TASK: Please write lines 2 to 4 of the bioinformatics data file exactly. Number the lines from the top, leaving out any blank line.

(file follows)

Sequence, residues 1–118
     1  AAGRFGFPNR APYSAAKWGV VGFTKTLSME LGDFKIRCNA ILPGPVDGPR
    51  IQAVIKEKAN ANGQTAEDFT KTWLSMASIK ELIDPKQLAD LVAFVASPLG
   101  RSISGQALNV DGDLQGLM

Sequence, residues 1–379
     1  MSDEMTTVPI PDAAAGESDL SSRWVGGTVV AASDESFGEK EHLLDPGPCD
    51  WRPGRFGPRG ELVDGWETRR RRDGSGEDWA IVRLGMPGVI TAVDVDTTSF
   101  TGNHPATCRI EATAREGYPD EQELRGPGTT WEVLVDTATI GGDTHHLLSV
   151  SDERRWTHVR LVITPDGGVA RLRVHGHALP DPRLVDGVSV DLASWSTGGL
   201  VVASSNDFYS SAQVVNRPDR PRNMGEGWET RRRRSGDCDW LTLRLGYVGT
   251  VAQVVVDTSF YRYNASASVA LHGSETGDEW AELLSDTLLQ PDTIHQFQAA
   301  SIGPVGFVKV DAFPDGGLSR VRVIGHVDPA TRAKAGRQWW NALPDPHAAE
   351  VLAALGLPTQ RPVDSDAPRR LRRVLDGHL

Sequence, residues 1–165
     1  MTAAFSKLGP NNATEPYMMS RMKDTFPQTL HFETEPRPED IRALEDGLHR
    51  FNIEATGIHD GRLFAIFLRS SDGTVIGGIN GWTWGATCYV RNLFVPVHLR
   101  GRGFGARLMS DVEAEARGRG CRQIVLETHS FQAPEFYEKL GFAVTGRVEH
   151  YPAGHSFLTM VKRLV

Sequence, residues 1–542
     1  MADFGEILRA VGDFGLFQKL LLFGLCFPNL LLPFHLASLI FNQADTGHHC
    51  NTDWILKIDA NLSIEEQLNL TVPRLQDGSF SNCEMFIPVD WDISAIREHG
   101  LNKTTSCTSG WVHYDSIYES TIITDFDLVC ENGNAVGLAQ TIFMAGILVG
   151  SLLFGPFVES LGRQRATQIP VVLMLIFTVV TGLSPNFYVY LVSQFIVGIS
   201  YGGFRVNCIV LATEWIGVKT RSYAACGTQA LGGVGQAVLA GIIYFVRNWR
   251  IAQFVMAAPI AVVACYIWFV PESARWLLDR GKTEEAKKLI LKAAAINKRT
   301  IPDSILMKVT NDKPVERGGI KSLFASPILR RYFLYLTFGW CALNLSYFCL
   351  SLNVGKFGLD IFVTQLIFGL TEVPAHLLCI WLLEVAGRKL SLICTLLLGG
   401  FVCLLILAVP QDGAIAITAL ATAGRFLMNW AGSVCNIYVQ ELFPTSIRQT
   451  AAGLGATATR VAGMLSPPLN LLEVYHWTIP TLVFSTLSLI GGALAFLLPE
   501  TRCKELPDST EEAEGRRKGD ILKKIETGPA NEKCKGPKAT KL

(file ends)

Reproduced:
     1  AAGRFGFPNR APYSAAKWGV VGFTKTLSME LGDFKIRCNA ILPGPVDGPR
    51  IQAVIKEKAN ANGQTAEDFT KTWLSMASIK ELIDPKQLAD LVAFVASPLG
   101  RSISGQALNV DGDLQGLM